410 U.S. 73 (1973), 71-909, Environmental Protection Agency v. Mink
|Docket Nº:||No. 71-909|
|Citation:||410 U.S. 73, 93 S.Ct. 827, 35 L.Ed.2d 119|
|Party Name:||Environmental Protection Agency v. Mink|
|Case Date:||January 22, 1973|
|Court:||United States Supreme Court|
Argued November 9, 1972
CERTIORARI TO THE UNITED STATES COURT OF APPEALS
FOR THE DISTRICT OF COLUMBIA CIRCUIT
Respondent Members of Congress brought suit under the Freedom of Information Act of 1966 to compel disclosure of nine documents that various officials had prepared for the President concerning a scheduled underground nuclear test. All but three were classified as Top Secret or Secret under E.O. 10501, and petitioners represented that all were inter-agency or intra-agency documents used in the Executive Branch's decisionmaking processes. The District Court granted petitioners' motion for summary judgment on the grounds that each of the documents was exempt from compelled disclosure by 5 U.S.C. § 552(b)(1) (hereafter Exemption 1), excluding matters "specifically required by Executive order to be kept secret in the interest of the national defense or foreign policy," and § 552(b)(5) (hereafter Exemption 5), excluding "inter-agency or intra-agency memorandums or letters which would not be available by law to a party . . . in litigation with the agency." The Court of Appeals reversed, concluding (a) that Exemption 1 permits nondisclosure of only the secret portions of classified documents but requires disclosure of the nonsecret components if separable, and (b) that Exemption 5 shields only governmental "decisional processes" and not factual information unless "inextricably intertwined with policymaking processes." The District Court was ordered to examine the documents in camera to determine both aspects of separability.
1. Exemption 1 does not permit compelled disclosure of the six classified documents or in camera inspection to sift out "non-secret components," and petitioners met their burden of demonstrating that the documents were entitled to protection under that exemption. Pp. 79-84.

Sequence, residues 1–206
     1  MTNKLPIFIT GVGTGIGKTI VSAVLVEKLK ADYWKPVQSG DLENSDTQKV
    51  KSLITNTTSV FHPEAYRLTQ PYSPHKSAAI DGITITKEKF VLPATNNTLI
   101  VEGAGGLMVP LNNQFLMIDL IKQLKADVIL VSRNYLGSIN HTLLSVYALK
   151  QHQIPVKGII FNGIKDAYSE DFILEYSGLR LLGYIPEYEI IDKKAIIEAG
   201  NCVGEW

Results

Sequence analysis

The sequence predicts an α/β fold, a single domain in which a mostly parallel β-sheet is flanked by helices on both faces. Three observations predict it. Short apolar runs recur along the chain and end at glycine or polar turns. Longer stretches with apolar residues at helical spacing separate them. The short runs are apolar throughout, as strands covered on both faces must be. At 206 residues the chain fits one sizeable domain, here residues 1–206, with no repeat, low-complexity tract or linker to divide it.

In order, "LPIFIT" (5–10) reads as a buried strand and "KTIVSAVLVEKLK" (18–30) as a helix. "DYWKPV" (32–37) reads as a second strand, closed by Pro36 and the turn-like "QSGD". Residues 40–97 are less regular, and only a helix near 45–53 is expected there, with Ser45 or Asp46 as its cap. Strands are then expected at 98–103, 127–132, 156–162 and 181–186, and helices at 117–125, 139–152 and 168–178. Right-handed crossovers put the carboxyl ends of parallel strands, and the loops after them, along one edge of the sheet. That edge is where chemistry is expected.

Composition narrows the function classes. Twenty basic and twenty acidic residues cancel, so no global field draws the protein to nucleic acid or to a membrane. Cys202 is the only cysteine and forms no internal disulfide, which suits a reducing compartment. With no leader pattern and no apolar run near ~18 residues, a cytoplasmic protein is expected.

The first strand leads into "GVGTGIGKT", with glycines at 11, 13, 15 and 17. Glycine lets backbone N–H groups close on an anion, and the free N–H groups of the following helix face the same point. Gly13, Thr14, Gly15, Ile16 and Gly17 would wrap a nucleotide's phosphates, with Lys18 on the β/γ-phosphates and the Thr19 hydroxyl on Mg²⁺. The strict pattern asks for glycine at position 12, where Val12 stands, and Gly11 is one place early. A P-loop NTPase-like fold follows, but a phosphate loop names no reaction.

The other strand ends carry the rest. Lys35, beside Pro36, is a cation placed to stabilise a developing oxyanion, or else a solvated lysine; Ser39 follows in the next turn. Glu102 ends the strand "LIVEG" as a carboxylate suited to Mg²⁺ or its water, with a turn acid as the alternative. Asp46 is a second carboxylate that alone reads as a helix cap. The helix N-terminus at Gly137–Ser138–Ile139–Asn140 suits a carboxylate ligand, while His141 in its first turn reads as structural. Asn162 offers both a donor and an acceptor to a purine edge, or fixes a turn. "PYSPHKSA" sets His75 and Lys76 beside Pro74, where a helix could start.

2. Exemption 5 does not require that otherwise confidential documents be made available for a district court's in camera inspection regardless of how little, if any, purely factual material they contain. In implying that such inspection be automatic, the Court of Appeals order was overly rigid, and petitioners should be afforded the opportunity of demonstrating by means short of
in camera inspection that the documents sought are clearly beyond the range of material that would be available to a private part in litigation with a Government agency. Pp. 85-94.
150 U.S. App. D.C. 233, 464 F.2d 742, reversed and remanded.
WHITE, J., delivered the opinion of the Court, in which BURGER, C.J., and STEWART, BLACKMUN, and POWELL, JJ., joined. STEWART, J., filed a concurring opinion, post, p. 94. BRENNAN, J., filed an opinion concurring in part and dissenting in part, in which MARSHALL, J., joined, post, p. 95. DOUGLAS, J., filed a dissenting opinion, post, p. 105. REHNQUIST, J., tool no part in the consideration or decision of the case.
WHITE, J., lead opinion
[93 S.Ct. 830] MR. JUSTICE WHITE delivered the opinion of the Court.
The Freedom of Information Act of 1966, 5 U.S.C. § 552, provides that Government agencies shall make available to the public a broad spectrum of information, but exempts from its mandate certain specified categories of information, including matters that are "specifically required by Executive order to be kept secret in the interest of the national defense or foreign policy," § 552(b)(1), or are
inter-agency or intra-agency memorandums or letters which would not be available by law to a party other than an agency in litigation with the agency,
§ 552(b)(5). It is the construction and scope of these exemptions that are at issue here.
Respondents' lawsuit began with an article that appeared in a Washington, D.C. newspaper in late July, 1971. The article indicated that the President had received conflicting recommendations on the advisability of the underground nuclear test scheduled for that coming fall and, in particular, noted that the "latest recommendations" were the product of "a departmental under-secretary committee named to investigate the controversy." Two days later, Congresswoman Patsy Mink, a respondent, sent a telegram to the President urgently requesting the "immediate release of recommendations and report by inter-departmental committee. . . ." When the request was denied, an action under the Freedom of Information Act was commenced by Congresswoman Mink and 32 of her colleagues in the House.1
Petitioners immediately moved for summary judgment on the ground that the materials sought were specifically exempted from disclosure under subsections (b)(1) and (b)(5) of the Act.2 In support of the motion, petitioners filed an affidavit of John N. Irwin II, the Under Secretary